Optimizing the Performance of Robotic Mobile Fulfillment Systems
A robotic mobile fulfillment system is a novel type of automated part-to-picker material handling system. In this type of system, robots transport mobile shelves, called pods, containing items between the storage area and the workstations. It is well suited to e-commerce, due to its modularity and it’s ability to adapt to changing orders patterns. Robots can nearly instantaneously switch between inbound and outbound tasks, pods can be continually repositioned to allow for automatic sorting of the inventory, pods can contain many different types of items, and unloaded robots can drive underneath pods, allowing them to use completely different routes than loaded robots.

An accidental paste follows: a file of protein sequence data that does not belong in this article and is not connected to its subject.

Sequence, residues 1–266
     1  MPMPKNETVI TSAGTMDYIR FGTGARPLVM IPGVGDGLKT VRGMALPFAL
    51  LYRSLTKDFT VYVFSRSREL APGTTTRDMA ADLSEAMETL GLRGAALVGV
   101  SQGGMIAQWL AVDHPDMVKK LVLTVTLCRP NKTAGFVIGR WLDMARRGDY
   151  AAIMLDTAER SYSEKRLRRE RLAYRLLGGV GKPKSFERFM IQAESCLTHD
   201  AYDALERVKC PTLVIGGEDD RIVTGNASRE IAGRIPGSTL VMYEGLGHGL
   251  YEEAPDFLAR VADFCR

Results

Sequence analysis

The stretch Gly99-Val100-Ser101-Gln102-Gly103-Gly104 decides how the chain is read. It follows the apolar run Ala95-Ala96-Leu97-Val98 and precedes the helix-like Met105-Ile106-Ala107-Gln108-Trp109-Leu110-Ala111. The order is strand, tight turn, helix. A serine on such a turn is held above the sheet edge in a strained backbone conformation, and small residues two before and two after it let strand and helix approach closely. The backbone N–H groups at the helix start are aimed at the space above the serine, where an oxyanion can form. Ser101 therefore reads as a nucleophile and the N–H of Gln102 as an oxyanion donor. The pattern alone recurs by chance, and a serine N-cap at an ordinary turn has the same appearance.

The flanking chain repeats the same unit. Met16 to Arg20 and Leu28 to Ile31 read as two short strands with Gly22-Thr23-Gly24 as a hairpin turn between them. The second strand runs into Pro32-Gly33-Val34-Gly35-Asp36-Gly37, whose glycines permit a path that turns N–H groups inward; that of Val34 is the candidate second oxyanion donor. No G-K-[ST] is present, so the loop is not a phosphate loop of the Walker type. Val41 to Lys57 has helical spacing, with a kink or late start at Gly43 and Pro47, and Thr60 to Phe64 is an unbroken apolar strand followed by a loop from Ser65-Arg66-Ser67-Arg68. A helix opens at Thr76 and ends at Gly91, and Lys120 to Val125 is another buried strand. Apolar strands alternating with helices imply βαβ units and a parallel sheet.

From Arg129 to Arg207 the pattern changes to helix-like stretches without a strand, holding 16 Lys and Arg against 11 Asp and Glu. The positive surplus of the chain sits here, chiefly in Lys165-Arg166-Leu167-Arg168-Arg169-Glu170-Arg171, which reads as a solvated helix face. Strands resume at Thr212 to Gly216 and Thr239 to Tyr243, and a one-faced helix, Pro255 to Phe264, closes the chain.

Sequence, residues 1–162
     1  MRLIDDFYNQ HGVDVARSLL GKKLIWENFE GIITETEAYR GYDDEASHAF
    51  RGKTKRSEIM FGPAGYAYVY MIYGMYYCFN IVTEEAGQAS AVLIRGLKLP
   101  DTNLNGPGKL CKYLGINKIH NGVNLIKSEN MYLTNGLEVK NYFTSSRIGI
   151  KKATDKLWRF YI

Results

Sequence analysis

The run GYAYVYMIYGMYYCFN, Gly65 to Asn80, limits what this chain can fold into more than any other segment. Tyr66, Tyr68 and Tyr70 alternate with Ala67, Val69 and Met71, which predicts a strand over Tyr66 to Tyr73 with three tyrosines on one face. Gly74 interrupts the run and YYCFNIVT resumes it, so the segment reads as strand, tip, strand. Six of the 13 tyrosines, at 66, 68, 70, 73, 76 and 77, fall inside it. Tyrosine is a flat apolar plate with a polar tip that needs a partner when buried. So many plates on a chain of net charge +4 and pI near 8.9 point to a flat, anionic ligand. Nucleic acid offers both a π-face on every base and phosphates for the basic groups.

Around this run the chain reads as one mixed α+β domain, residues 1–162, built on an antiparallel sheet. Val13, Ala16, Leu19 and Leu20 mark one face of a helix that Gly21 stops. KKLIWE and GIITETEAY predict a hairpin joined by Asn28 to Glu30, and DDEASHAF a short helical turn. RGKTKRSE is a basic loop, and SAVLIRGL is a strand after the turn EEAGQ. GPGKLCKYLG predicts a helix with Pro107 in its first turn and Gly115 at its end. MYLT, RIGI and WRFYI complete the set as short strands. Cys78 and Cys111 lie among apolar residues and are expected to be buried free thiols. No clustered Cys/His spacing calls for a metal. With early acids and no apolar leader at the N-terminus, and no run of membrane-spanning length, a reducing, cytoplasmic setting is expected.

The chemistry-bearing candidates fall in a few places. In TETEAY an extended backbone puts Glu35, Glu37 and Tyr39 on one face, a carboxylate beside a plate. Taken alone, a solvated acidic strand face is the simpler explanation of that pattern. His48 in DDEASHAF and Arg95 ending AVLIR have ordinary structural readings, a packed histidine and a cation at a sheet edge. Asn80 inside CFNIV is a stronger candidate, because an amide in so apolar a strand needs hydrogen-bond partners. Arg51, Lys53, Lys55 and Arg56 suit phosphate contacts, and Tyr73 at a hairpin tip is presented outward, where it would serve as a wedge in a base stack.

This thesis studies the performance of robotic mobile fulfillment systems by solving decision problems related to warehouse design, inventory and resource allocation, and real-time operations. For warehouse design, a new queueing network is developed that incorporates realistic robot movement, storage zones, and multi-line orders. For inventory allocation, we develop a new type of queueing network, the cross-class matching multi-class semi-open queueing network, which can be applied to other systems as well. Resource (re)allocation is modeled by combining queueing networks with Markov decision processes while including time-varying demand. This model compares benchmark policies from practice with the optimal policy. Lastly, we study decision rules for real-time operations by using detailed, large scale simulations.